• Published 2006
  • Dermatitis
&NA; Triclosan is a common antibacterial chemical currently in widespread use in household and health care‐related products. Triclosan was first introduced in 1965 and has been marketed as cloxifenol, Irgasan CH 3565, and Irgasan DP 300. Its most common use is in antimicrobial hand soaps, but in the United States it can also be found in consumer products such as liquid dishwashing soaps, deodorants, and toothpastes. The concentrations used in products in the United States typically range from 0… Expand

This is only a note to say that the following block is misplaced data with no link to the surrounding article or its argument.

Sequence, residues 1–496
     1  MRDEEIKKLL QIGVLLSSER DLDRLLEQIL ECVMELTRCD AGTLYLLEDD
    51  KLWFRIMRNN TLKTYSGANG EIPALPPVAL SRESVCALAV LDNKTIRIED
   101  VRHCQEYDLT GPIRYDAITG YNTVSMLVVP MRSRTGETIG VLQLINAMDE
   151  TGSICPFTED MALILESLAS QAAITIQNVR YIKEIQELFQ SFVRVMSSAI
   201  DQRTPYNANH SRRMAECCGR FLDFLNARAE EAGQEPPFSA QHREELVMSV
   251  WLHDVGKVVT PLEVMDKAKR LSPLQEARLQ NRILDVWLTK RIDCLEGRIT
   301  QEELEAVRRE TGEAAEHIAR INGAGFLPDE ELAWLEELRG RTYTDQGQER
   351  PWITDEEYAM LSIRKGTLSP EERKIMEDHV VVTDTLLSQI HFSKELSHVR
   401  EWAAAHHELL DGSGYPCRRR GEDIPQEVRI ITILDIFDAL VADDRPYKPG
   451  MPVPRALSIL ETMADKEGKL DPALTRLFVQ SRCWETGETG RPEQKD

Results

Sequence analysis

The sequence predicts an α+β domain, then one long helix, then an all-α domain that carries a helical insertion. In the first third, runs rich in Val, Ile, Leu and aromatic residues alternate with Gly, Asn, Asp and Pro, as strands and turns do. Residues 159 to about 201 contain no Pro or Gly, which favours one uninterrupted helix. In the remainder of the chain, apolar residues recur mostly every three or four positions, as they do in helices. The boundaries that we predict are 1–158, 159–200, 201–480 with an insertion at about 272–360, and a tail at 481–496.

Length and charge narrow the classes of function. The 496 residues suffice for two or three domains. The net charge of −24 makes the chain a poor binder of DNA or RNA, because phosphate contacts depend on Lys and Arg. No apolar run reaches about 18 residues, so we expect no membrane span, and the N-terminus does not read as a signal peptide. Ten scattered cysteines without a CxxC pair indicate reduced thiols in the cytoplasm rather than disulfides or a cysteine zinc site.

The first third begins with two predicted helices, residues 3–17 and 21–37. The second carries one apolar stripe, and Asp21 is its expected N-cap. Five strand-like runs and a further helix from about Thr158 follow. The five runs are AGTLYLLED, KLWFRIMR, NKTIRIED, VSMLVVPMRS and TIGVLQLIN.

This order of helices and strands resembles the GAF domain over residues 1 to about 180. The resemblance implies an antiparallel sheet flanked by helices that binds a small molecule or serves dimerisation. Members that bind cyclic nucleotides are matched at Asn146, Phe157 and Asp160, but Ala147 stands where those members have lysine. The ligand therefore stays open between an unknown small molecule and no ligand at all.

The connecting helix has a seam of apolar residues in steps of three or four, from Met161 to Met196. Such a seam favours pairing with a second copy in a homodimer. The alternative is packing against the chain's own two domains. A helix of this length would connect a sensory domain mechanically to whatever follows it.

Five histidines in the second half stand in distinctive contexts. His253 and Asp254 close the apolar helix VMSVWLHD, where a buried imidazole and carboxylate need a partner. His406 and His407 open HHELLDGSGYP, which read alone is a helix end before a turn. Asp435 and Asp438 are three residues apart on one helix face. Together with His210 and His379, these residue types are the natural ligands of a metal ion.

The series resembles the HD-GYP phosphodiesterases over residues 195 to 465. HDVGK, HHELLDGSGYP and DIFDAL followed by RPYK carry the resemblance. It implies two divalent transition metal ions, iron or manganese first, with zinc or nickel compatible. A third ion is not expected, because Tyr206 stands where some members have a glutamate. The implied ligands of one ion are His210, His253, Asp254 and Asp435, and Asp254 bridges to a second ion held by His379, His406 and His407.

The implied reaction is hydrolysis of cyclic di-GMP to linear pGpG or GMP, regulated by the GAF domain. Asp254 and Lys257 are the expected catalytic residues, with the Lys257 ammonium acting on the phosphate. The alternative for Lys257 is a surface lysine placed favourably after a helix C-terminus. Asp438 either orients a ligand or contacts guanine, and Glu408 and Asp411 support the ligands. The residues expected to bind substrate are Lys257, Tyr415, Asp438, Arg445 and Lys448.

2 Citations
Allergic Contact Cheilitis and Stomatitis Due to Triclosan in Toothpaste.
  • K. Watsky
  • Medicine
  • Dermatitis : contact, atopic, occupational, drug
  • 2020
Although further research is required to identify how results of “chunky” testing correlate with patch testing using extracts, the use of both techniques is a comprehensive method to help rule in or rule out textile-associated ACD. Expand
Revealing the mechanisms of Triclosan affecting of methane production from waste activated sludge.
It was concluded that TCS had a tendency to restrain methane production from sludge with its exposure level increasing, and TCS at higher levels had seriously negative effect on the solubilization, hydrolysis, acidification, and methanogenesis processes. Expand